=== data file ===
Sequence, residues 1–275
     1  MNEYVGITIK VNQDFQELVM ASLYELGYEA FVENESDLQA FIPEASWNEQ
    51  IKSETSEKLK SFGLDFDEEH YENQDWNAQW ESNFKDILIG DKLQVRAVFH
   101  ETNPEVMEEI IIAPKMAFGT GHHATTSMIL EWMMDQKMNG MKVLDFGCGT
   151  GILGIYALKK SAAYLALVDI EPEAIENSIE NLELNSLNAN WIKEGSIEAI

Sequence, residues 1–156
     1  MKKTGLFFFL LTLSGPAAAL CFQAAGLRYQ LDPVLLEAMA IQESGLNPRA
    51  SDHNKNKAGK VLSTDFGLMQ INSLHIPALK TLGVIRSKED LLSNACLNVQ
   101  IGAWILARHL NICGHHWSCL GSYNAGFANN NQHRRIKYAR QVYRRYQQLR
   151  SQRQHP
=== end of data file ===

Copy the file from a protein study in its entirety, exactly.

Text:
Sequence, residues 1–275
     1  MNEYVGITIK VNQDFQELVM ASLYELGYEA FVENESDLQA FIPEASWNEQ
    51  IKSETSEKLK SFGLDFDEEH YENQDWNAQW ESNFKDILIG DKLQVRAVFH
   101  ETNPEVMEEI IIAPKMAFGT GHHATTSMIL EWMMDQKMNG MKVLDFGCGT
   151  GILGIYALKK SAAYLALVDI EPEAIENSIE NLELNSLNAN WIKEGSIEAI

Sequence, residues 1–156
     1  MKKTGLFFFL LTLSGPAAAL CFQAAGLRYQ LDPVLLEAMA IQESGLNPRA
    51  SDHNKNKAGK VLSTDFGLMQ INSLHIPALK TLGVIRSKED LLSNACLNVQ
   101  IGAWILARHL NICGHHWSCL GSYNAGFANN NQHRRIKYAR QVYRRYQQLR
   151  SQRQHP